A wealthy Nigerian politician, his wife, and a "middleman", have been found guilty of an organ-harvesting plot involving a UK hospital, the first time defendants have been convicted of the crime under the Modern Slavery Act
On Thursday, Senator Ike Ekweremadu, 60, his wife Beatrice, 56, and medical “middleman” Dr Obinna Obeta, 50, were found guilty at the Old Bailey of conspiring to arrange the travel of a young man with a view to exploiting him for his body part.
The Ekweremadus’ 25-year-old daughter, Sonia, who has a serious kidney condition, wept in court as she was cleared by the jury, which deliberated for nearly 14 hours.
The victim was a 21-year-old street trader from Lagos, who cannot be named for legal reasons. The man was brought to the UK last year to provide a kidney to Sonia for an £80,000 private transplant at the Royal Free Hospital in London, the court heard.
While it is legal to donate a kidney, it becomes criminal if there is a reward of money or other material advantage. The prosecution claimed the donor was offered up to £7,000 and the promise of a better life in the UK.
An investigation was launched after the young man ran away from London and slept rough for days, before walking into a police station more than 20 miles away in Staines in Surrey, crying and in distress.
He told police that he did not understand why he had been brought to the UK until he meet staff at the Royal Free. Relaying his fears, he told police: “The doctor said I was too young but the man said if you do not do it here he would carry me back to Nigeria and do it there.”
“I was sleeping three days outside around, looking for someone to help me, save my life,” he said.
Leading investigating officer, Detective Inspector Esther Richardson, from the Met’s Modern Slavery and Child Exploitation team, said: “This conviction sends out a clear message across the world, the UK will not tolerate the international industry in illegal organ removal.
“We could not have achieved this conviction without the help of one man, the victim survivor. I commend him for his utmost bravery," she said.
Jurors heard how Sonia was one of four siblings who had been privately educated in the UK. She had been studying for a masters degree at Newcastle University when she became ill in December 2019. She now relies on weekly dialysis treatments to survive, the court heard.
In September 2021, her father, a prominent Nigerian politician, enlisted the help of his medically-trained brother in Nigeria, Diwe Ekweremadu, to search for a donor, the court heard. Diwe turned to former classmate Dr Obeta, of South London, who recently had a private kidney transplant at the Royal Free with a Nigerian donor.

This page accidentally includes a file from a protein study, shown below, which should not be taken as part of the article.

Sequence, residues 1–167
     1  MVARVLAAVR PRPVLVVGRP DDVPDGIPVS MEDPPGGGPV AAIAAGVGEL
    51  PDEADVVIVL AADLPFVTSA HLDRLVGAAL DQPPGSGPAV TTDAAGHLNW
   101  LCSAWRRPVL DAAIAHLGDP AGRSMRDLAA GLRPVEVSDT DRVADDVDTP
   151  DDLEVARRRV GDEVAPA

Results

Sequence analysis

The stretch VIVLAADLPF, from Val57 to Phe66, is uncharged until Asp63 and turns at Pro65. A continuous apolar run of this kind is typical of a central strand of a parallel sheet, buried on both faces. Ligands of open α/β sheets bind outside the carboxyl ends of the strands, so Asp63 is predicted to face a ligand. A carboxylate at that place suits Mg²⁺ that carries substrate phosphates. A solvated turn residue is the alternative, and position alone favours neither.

Obeta's role had extended to engaging with a medical tourism company and an agent to arrange a visa for the donor, the court heard.
The donor had known the man who donated his kidney to Dr Obeta. He was recruited from a Lagos street market where he made a few pounds a day selling phone accessories from a wheelbarrow, the court heard. He underwent tests in Abuja, the Nigerian capital, before arrangements were made to fly him to the UK last year.
In his UK Home Office visa application, the donor was described as Sonia’s cousin - despite them being of no relation - and the paperwork was supported by a letter from Ike, jurors heard. The court was shown messages in which Ike discussed with his brother the costs, including the donor fee of millions of naira. He kept his accountant wife informed of progress by text messages, jurors heard.
As the travel plans went ahead, Sonia was encouraged to establish a relationship with the donor through text messages, jurors were told. Jurors were shown a picture of Sonia smiling with him at a meal at a London restaurant. Sonia Ekweremadu declined to give evidence in court, but it was said on her behalf she knew nothing of the reward offered to her donor.
Royal Free consultant, Dr Peter Dupont, concluded the donor was not an appropriate candidate after learning he had no counselling or advice about the risks of surgery, and he lacked funds for the lifelong care he would need. Undeterred, a “corrupt interpreter” was enlisted for £1,500 to help at the donor’s second hospital meeting with a surgeon, the court was told. Both medics agreed on their assessment in March last year, and Sonia Ekweremadu’s family immediately resumed their donor search, the court was told.
In their trial, the defendants claimed they believed the donor was acting “altruistically”. Ike Ekweremadu told jurors he had trusted the medical experts, but suspected he was being “scammed”.
The couple were asked why they did not look for a member of their own family to “step up” and donate a kidney to their daughter. Mr Davies claimed that for them, it was “far better to buy one and let the medical risk go to someone you don’t know”.
Justice Johnson remanded the defendants into custody. They will be sentenced in May.